* I generally write using the pronouns he/him when referring to narcissists, but females are just as likely to be narcissists or exhibit narcissistic traits. So please don't think just because article uses the word him or he that it could not be a woman in that same role.
There’s a lot of talk about “self-care” these days. Usually, it’s on social media and accompanied by a pic of a bubble bath, or an extra foamy latte, or a shopping splurge.
But the truth is – that’s not self-care. That’s self-indulgence. And don’t get me wrong, there’s nothing wrong with a little self-indulgence from time to time. Treat yourself!
But we should be careful not to confuse self-indulgence with actual, real self-care.
When does “self-care” turn into straight-up “self-indulgence”?
Where do you draw the line between what feels good and what is actually good for you?
You see, unlike self-care, self-indulgence consumes our time, mental focus, finances and health to a degree that robs us of our means of being present and attentive in our lives.
So, while excising is considered “good” for us, for instance, it can become self-indulgent if we do it to the extent that we become exercise fanatics and/or neglect our friends.
Same goes for giving ourselves a night in. It’s “good” to rest both our minds and bodies, but if we do it as an excuse to avoid our responsibilities or as a band-aid to cope with difficult times, then it becomes a problem.
True self-care comes when you think about your long-term happiness and well-being.It’s about understanding your boundaries and not setting yourself back by going beyond what’s essential.
Real self-care isn’t glamorous. Real self-care can be hard work, especially for those of us with anxiety, depression, or just a general low self-image.
True self-care is not an excuse to escape from our lives, but rather, a means to create a life we don’t feel the need to escape from in the first place.
Real self-care looks like:
- Going to bed at a decent time so you actually feel good in the morning, instead of staying up all night playing video games or binge watching TV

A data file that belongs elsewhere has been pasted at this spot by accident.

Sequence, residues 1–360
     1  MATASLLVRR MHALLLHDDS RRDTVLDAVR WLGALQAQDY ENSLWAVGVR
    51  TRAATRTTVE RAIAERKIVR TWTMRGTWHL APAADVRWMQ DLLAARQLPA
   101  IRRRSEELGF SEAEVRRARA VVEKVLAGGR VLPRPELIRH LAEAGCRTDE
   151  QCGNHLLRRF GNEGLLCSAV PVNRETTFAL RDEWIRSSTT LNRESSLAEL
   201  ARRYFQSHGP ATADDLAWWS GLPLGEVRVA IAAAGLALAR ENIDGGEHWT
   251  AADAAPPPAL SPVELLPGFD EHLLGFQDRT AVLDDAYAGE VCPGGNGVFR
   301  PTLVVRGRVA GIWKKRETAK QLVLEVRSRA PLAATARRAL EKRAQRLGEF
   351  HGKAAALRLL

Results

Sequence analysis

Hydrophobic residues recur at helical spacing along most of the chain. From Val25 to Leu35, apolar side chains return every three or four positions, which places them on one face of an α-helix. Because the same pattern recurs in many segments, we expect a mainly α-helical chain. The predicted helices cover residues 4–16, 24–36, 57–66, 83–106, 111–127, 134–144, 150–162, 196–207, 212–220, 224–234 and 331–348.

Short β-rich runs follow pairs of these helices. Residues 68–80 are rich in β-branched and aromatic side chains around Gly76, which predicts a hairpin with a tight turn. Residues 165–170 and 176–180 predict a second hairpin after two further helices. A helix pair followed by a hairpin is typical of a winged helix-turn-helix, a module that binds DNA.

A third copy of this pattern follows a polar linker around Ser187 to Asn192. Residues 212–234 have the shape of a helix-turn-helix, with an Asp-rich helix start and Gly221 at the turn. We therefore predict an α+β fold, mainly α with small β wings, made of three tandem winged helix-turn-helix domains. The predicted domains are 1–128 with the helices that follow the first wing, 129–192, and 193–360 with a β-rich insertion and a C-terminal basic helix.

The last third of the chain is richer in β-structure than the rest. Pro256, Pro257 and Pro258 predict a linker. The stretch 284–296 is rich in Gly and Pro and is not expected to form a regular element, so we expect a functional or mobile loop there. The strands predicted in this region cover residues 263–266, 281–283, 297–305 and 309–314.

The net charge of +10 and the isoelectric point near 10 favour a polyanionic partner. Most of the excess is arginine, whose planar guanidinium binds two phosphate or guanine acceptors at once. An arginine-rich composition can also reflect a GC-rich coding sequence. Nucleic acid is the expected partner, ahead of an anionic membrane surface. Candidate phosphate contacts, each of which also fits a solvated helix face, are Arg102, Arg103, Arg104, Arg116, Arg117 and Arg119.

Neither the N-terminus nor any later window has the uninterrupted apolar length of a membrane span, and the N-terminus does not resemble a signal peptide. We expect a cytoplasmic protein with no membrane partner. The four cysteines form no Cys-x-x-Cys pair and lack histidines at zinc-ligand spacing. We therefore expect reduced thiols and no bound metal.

- Brushing (AND FLOSSING) your teeth every day, so you don’t need to have expensive and painful dental work
- Eating clean, healthy foods even if all you want to do is drown your sorrows in ice cream and loaves of bread
- Taking time for a healthy habit before bed like journaling or meditation instead of scrolling on your phone until you pass out
- Laying out your clothes for the next day, making the morning that much easier for your future self
- Going for a walk or going to the gym, even if you just want to hibernate on the couch for the next 6 weeks
- Forcing yourself to keep a social commitment even though you want to cancel at the last minute and just stay home. Seeing friends and socializing can be so helpful, but the simple act of getting out there can seem so tough if you’ve got anxiety
- Taking your meds and/or vitamins every day
- Saving your money even though you really want to splurge, so you can pay bills or pay down your debt
None of this stuff is particularly exciting, or photogenic. And really, it just sounds like basic maintenance.
Because it is.
Self-care is basic maintenance.
It’s something we need to do, each and every day. Self-indulgence is a nice treat from time to time. But please don’t confuse indulgence for self-care.
This is something I’ve only recently realized, and thought it might be helpful for some of you too.
I came to this realization recently when I started to establish a more healthy bedtime routine for myself. The things that I do before bed every day have a much greater impact on how I feel than little indulgences like ice cream or shopping.
So look inward. Notice what you need. Focus on things that will benefit you in the long term, but don’t deny yourself wince and chocolate, when necessary. Make the effort to take care of yourself and foster healthy habits as a regular part of your life.
What acts of self-care do you do every day?
If You Need A Crisis Hotline Or Want To Learn More About Therapy, Please See Below:
- RAINN (Rape, Abuse, and Incest National Network) – 1-800-656-4673
- The National Suicide Prevention Lifeline – 1-800-273-8255
- National Domestic Violence Hotline – 1-800-799-7233
- NAMI Helpline (National Alliance on Mental Illness) – 1-800-950-6264
For More Information On Mental Health, Please See:
- SAMHSA (Substance Abuse and Mental Health Services Administration) SAMHSA Facebook, SAMHSA Twitter, SAMHSA LinkedIn, SAMHSA Youtube
- Mental Health America, MHA Twitter, MHA Facebook, MHA Instagram, MHA Pinterest, MHA Youtube
- WebMD, WebMD Facebook, WebMD Twitter, WebMD Instagram, WebMD Pinterest
- NIMH (National Institute of Mental Health), NIMH Instagram, NIMH Facebook, NIMH Twitter, NIMH YouTube
- APA (American Psychiatric Association), APA Twitter, APA Facebook, APA LinkedIN, APA Instagram